Like many Americans, Tayyib Rashid has been disturbed by the threats of anti-Semitic violence in recent weeks, particularly the vandalism of Jewish cemeteries in St. Louis and Philadelphia.
But unlike many Americans, Rashid, a Muslim veteran of the U.S. Marines, thought he could help do something about it.
“I’m a #MuslimMarine in Chicagoland area,” the former sergeant typed out on his Twitter account. “If your synagogue or Jewish cemetery needs someone to stand guard, count me in. Islam requires it.” Then, he pressed “send.”
Very quickly, the tweet went viral. So far, Rashid has received more than 13,000 likes and 5,000 retweets, and inspired similar offers from Muslims across the country. People from all over the country, both Muslims and non-Muslims, veterans and non-veterans, have reached out to him, asking how they can get involved.
“I’m not sure if there’s any category left that hasn’t been willing to stand up with me,” Rashid said. Even J.K. Rowling, author of the Harry Potter books, tweeted, “Count me in!”
What he hasn’t received is any requests from Jewish institutions to take him up on his offer of protection.
The Jewish Community Relations Council, a branch of the Jewish United Fund in Chicago, was among the individual Jews and organizations that tweeted their gratitude to Rashid:
.@MuslimMarine Thank you for standing up for the Jewish community! Now is the time for unity and compassion. #lovethyneighbor— ChicagoJCRC (@ChicagoJCRC) March 7, 2017
But Jay Tcath, executive vice president of JUF, wrote in a statement to the Forward that the Jewish organizations that do use guards prefer to hire them from professional security firms. “This path provides the necessary, site-specific training as well as, when sought, certified guards that are empowered by law to carry weapons,” he explained. “And some guards are empowered to make arrests.” But he added, “Mr. Rashid’s offer is, of course, very thoughtful and most appreciated.”
Nevertheless, in an interview, Rashid made it clear that his offer stands indefinitely. “I hope there’s an opportunity to make good on my word,” he said. “I hope it doesn’t have to come to that.”
For Rashid the disquiet that inspired his tweet wasn’t abstract: the vandalism carried echoes of the religious persecution that caused his family, members of the Muslim Ahmadiyya community, to flee Pakistan when he was 10 years old.
“Ahmadis aren’t considered Muslims in Pakistan,” he explained. “There were laws passed against us. When we use verses from Koran on tombstones, we’re subject to persecution and vandalism of our graves by government officials.”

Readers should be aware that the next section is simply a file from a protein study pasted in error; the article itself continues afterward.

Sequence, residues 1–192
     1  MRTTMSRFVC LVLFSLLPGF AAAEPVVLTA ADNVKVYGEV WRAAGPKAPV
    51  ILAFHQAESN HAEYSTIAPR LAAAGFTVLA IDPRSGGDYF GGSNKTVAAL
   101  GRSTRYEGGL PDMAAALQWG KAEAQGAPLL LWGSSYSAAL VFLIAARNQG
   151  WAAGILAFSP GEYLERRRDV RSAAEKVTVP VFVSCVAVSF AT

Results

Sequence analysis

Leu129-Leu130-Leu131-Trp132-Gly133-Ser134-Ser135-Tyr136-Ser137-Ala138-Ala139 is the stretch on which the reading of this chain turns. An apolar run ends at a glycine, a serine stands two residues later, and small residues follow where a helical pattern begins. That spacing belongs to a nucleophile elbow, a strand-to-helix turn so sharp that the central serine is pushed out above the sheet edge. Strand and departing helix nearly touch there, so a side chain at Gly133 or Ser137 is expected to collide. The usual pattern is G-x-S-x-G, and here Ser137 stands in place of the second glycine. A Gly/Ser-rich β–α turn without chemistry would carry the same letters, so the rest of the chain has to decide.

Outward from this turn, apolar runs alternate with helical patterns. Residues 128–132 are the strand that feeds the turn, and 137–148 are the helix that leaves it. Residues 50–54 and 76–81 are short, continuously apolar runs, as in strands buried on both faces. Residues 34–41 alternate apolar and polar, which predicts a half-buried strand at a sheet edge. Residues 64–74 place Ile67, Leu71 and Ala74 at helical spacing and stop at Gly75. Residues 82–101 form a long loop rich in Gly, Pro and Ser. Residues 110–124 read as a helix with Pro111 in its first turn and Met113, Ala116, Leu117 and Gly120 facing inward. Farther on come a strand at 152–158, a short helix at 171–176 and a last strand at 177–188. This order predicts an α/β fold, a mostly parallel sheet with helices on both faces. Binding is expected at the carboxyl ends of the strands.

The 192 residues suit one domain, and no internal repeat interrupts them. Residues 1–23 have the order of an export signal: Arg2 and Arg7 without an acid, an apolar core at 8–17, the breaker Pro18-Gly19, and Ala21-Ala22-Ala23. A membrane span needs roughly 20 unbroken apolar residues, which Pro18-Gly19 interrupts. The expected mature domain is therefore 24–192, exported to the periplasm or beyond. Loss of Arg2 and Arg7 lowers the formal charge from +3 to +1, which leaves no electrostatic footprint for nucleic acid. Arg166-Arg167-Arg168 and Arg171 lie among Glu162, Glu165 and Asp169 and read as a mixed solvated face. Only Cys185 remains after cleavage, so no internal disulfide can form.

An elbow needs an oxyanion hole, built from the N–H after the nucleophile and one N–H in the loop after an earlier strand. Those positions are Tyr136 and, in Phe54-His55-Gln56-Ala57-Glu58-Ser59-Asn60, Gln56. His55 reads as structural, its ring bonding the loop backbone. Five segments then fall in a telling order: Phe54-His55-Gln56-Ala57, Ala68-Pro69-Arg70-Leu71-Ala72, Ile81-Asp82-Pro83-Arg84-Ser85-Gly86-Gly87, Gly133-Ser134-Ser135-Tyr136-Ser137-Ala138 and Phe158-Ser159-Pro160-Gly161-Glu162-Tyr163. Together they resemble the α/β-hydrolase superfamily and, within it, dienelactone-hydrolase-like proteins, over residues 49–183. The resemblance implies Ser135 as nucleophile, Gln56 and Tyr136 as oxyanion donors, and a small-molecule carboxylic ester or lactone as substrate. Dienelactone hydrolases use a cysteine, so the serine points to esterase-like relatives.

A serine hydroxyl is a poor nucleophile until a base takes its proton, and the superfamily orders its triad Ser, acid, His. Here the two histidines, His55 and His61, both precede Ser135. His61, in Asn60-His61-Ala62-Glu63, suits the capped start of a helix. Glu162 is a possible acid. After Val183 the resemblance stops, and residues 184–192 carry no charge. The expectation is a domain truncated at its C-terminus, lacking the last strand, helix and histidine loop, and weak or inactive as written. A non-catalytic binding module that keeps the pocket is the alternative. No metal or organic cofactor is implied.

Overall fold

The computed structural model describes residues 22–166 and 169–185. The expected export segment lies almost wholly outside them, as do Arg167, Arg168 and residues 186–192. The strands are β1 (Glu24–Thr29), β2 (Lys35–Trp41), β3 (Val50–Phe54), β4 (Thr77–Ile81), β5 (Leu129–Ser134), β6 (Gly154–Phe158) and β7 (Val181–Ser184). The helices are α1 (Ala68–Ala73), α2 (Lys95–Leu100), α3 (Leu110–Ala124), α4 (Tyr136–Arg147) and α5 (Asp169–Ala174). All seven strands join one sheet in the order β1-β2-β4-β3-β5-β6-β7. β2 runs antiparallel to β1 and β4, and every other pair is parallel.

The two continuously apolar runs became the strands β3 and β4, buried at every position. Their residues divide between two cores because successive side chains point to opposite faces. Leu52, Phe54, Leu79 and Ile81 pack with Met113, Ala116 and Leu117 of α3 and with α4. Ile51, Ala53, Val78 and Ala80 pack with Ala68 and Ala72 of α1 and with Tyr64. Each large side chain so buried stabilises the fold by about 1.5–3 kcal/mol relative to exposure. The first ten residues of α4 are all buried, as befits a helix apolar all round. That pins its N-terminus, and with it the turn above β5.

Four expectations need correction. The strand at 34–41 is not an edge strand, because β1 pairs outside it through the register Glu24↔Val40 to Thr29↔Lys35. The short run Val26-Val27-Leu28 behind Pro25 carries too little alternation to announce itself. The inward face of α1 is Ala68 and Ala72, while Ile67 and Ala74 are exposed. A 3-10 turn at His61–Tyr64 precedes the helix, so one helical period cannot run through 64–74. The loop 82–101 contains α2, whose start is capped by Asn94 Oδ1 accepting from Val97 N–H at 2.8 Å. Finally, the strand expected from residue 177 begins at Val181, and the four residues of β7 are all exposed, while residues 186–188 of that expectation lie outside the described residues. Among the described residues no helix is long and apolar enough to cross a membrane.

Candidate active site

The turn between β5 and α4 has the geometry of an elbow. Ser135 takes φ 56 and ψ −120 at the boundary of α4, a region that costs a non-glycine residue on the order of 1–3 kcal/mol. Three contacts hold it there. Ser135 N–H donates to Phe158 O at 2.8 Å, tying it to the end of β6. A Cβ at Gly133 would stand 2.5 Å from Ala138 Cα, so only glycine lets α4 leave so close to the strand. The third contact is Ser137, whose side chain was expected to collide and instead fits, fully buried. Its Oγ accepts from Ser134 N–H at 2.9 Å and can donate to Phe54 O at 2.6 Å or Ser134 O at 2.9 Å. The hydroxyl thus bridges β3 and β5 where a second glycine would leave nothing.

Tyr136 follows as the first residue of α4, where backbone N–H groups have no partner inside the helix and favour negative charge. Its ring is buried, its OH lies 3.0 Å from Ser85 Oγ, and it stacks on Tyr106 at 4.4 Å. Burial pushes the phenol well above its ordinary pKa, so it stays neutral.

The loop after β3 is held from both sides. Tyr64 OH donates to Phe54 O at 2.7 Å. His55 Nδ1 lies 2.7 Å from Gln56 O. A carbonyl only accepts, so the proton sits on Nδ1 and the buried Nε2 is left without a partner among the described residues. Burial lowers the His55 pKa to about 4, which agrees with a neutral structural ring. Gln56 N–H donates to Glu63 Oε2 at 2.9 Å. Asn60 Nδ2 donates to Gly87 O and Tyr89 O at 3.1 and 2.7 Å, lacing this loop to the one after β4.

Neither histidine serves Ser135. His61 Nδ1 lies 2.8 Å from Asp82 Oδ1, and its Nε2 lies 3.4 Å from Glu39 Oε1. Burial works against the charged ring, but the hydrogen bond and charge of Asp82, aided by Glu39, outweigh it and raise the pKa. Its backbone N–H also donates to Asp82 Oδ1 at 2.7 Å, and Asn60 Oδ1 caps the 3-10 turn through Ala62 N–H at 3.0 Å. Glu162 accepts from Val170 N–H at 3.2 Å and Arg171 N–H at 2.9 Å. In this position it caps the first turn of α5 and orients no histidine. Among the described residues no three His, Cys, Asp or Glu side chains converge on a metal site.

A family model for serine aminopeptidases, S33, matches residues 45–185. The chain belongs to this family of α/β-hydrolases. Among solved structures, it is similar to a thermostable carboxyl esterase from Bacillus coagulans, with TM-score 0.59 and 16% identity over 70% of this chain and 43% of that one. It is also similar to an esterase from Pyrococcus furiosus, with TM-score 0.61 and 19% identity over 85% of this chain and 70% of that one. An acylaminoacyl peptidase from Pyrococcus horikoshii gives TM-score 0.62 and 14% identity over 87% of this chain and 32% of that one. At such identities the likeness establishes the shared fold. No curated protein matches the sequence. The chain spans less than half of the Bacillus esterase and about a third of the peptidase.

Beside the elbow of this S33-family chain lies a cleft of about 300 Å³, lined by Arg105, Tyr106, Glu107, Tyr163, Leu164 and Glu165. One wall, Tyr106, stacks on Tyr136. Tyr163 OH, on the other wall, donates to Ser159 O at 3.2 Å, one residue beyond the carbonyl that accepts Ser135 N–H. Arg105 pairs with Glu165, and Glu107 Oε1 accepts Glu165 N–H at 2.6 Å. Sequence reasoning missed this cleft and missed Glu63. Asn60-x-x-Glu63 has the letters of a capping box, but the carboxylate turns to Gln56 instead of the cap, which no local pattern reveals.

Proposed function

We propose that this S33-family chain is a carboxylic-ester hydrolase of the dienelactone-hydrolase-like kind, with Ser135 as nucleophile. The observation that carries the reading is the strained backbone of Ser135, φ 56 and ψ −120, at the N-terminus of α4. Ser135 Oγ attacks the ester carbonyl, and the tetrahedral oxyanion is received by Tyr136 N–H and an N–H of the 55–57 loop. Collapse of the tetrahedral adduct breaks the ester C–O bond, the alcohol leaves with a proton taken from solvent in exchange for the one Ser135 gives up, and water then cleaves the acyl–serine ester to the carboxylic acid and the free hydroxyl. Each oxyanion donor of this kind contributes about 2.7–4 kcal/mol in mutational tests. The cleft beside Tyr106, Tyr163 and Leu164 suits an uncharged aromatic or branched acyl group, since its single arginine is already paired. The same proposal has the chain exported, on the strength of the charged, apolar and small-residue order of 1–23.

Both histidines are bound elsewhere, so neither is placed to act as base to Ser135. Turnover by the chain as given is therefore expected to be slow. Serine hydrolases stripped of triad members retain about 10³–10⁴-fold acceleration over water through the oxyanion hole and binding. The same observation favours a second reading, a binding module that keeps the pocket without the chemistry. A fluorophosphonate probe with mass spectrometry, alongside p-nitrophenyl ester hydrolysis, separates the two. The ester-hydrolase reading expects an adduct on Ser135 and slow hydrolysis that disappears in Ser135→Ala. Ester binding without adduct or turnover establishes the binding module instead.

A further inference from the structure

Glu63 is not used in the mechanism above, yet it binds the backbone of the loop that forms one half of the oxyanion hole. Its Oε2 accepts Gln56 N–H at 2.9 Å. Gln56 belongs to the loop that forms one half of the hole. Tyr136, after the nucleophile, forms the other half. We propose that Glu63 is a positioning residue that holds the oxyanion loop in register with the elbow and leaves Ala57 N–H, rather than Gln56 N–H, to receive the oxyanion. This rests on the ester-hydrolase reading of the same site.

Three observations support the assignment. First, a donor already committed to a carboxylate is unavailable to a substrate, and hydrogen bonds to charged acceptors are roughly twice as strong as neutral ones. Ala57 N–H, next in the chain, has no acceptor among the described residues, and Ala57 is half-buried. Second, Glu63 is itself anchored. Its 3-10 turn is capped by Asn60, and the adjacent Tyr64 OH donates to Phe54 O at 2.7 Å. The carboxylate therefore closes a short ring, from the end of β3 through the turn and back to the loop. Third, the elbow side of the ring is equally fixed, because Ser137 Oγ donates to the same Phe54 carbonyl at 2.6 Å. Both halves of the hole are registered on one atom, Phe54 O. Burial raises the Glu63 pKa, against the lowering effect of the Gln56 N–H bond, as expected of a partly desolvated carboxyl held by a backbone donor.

Moreover, better trained than most in military protection, Rashid swore an oath to defend his fellow Americans on entering the service and doesn’t believe his vow expired when he left the Marine Corps.
Due to their own experience of persecution, Ahmadiyya Muslims believe strongly in promoting interfaith harmony and supporting members of other religious groups under threat. But the idea of offering protection actually originated with Rashid’s brother, Qasim. A civil rights lawyer and author who lives in Washington, Qasim Rashid tweets as @MuslimIQ. Qasim’s offer of help appeared on Twitter an hour before Tayyib’s but hasn’t generated nearly as much traffic. Qasim admits that although he’s a marathoner and in pretty good physical shape, he understands why: “He’s a US Marine for God’s sake!”
This isn’t the first of Rashid’s tweets to go viral: in November 2015 after then-Presidential candidate Donald Trump said in interviews that he was considering the possibility of special security and surveillance targeting Muslims, he tweeted, “Hey, @realDonaldTrump, I’m an American Muslim and I already carry a special ID badge. Where’s yours?” The message was followed by a photo of his military ID card. Trump did not respond, but hundreds of American Muslims followed suit, tweeting photos of their ID badges from their jobs in the military and at hospitals and law firms.
The fact that Rashid, who is 40, is making such a strong stand for religious freedom is no surprise to those who know him well. “In the environment where we were raised, we were expected to do everything we needed to do to serve others,” said Qasim Rashid. “It was a very service-focused environment. It stemmed from the teaching that Muslims have two duties: to serve God and to serve humanity. We participated in I don’t know how many interfaith events with churches, synagogues, and temples.”